The health and safety of our patients and teammates is our top priority. We are keeping a close eye on this situation and reinforcing the extensive infection control practices already in place to protect them. Click here to find videos and additional resources.
What's in Your Pantry? Kidney-friendly Ingredients
In my last blog I discussed essential must-have ingredients in a renal-friendly refrigerator. Now let’s get into the pantry to help you create incredible home-cooked meals instead of dining out or grabbing take-out meals. Remember, planning and preparation is the key to successful eating.
- Canned fruits: Fruit packed in syrup if you’re looking for adding calories is a good choice. If you have diabetes, select fruit packed in its own juice, then drain it before eating. Applesauce is always great to have on hand. For lower potassium pantry staples, avoid fruit cups that contain higher potassium fruits like mango, papaya or bananas.
- Canned vegetables: Look for low-sodium or no salt added vegetables. Hint: If low sodium versions are not available in your area, you can take regular canned vegetables and drain them under cold water for 1 minute to remove 1/3 to 1/2 of the sodium. Vegetables to limit in frequency and portion size due to higher phosphorus and/or potassium include corn, beans, pumpkin, spinach, tomatoes and tomato products.
- Breads, cereals, starches: Bagels, bread, couscous, dinner rolls, dry cereals (i.e. puffed rice, rice/corn Chex, cornflakes), English muffins, flour tortilla – 6 inch, hamburger/hot dog buns, cooked cereals (i.e. grits, cream of wheat, oatmeal), Matzo, small muffin, rice, rice cakes. Compare sodium content and watch out for items with phosphate additives.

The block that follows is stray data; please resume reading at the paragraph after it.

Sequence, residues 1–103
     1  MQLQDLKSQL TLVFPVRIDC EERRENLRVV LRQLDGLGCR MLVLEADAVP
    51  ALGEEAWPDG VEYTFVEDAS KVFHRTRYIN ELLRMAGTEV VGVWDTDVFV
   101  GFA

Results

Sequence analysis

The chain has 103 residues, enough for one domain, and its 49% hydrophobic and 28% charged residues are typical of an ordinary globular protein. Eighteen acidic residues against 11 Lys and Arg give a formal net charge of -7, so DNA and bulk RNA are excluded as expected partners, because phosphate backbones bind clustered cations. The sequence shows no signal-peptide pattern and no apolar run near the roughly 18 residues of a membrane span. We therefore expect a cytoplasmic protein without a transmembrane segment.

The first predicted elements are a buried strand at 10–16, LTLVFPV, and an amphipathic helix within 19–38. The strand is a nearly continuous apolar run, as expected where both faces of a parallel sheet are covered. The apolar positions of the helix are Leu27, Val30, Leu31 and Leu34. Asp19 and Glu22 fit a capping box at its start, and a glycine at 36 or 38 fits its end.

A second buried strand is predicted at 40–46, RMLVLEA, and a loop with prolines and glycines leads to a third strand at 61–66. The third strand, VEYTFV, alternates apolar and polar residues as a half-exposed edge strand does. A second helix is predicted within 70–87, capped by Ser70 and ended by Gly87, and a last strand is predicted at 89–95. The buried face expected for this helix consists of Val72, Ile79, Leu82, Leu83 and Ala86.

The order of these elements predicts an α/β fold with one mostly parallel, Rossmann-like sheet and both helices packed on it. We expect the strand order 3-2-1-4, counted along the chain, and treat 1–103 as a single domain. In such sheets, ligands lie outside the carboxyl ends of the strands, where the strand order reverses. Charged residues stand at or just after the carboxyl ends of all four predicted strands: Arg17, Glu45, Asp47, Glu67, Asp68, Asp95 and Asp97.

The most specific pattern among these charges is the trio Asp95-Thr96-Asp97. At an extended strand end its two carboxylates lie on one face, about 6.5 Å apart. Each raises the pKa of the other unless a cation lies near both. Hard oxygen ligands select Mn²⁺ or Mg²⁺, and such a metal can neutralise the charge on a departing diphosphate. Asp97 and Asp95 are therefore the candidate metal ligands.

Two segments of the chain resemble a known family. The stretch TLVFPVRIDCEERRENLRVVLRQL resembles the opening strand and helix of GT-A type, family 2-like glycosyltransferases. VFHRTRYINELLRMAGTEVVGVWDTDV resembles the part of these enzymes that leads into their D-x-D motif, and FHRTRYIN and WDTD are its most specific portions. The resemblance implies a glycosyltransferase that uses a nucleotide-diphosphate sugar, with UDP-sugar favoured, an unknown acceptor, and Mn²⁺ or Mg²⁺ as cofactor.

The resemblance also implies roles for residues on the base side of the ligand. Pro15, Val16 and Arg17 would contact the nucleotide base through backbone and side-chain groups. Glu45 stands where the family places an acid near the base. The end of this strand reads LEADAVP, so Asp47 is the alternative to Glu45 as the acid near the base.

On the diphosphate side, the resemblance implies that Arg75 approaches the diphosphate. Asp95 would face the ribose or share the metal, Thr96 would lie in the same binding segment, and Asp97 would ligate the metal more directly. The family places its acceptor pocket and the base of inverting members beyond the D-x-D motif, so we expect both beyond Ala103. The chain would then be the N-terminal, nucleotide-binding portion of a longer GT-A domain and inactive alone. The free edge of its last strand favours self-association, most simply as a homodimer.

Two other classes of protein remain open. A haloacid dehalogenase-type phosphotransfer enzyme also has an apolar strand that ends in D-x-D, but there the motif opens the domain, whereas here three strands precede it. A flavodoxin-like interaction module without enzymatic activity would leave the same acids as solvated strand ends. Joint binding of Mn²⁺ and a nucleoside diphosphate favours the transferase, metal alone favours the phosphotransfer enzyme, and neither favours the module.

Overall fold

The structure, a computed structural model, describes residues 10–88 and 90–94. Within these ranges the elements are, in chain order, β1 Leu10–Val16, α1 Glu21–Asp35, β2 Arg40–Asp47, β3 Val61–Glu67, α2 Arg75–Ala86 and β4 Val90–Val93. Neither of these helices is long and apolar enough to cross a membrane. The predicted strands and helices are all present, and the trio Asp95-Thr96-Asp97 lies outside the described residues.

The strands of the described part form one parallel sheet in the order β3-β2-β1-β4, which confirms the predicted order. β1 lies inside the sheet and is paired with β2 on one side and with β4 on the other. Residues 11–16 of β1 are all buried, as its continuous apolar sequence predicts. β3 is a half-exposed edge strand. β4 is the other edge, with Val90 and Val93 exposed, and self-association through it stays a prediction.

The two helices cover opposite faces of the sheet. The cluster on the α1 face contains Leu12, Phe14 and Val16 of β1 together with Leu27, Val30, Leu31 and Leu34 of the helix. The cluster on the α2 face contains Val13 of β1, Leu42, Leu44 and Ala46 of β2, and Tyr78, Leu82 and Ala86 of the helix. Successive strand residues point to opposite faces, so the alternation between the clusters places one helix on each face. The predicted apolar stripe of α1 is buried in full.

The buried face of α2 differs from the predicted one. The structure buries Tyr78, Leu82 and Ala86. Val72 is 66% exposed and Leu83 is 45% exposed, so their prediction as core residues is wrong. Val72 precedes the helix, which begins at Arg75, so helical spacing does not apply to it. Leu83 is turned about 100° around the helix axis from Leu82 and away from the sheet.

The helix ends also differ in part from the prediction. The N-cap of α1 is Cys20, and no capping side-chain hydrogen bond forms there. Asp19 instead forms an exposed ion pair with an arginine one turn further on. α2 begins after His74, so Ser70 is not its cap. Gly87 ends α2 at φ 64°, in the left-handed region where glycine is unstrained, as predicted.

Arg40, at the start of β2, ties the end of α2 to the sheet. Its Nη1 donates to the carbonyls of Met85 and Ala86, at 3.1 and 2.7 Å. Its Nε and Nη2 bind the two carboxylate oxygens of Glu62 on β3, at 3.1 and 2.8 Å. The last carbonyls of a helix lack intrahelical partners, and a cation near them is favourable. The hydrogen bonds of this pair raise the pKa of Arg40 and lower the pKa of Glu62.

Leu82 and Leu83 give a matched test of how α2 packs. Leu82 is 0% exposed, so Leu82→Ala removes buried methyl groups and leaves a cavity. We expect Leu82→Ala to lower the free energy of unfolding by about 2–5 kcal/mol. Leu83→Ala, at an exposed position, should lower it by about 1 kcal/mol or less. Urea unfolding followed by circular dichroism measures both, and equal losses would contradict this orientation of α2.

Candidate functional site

- Condiments: Ketchup, prepared mustards, apple butter, syrup and honey (sugar-free versions for those with diabetes), mayonnaise, herb-seasoned vinegars, lower sodium jarred pickles and peppers, cooking oils (olive/canola/grape seed), shelf stable dairy alternatives (almond, rice or coconut milks). Check with your dietitian on which brands are best for you.
- Get a spice rack: Many people with kidney disease have high blood pressure, so limiting sodium becomes very important to control blood pressure. Replace the salt shaker and invest in an herb and spice rack for your pantry. Stock it with oregano, thyme, basil, curry powder, salt-free lemon pepper, Cajun seasonings or other herb and spice blends. Check the nutrition label for products with less than 140 mg of sodium per serving. Make sure to check that there are no potassium chloride additives that may cause high potassium levels which may be harmful to the heart.
- Snacks and sweets: Animal crackers, sugar-free gum/mints, cakes, cookies, sugar-free gelatin, popcorn, rice cakes, unsalted pretzels, rice cereal bars, low sodium butter crackers, fig bars. High sugar snacks should be consumed with caution, especially for people with diabetes. Avoid sweets made with chocolate, caramel and nuts which tend to be high in phosphorus.
Try these quick, easy DaVita.com recipes, including my favorite one for making homemade salad dressing instead of purchasing off the shelf.
* Easy Honey Mustard Balsamic Vinaigrette
* Apple Cinnamon French Toast Strata
For more help with meal planning and creating your shopping list use the DaVita Diet Helper meal planner.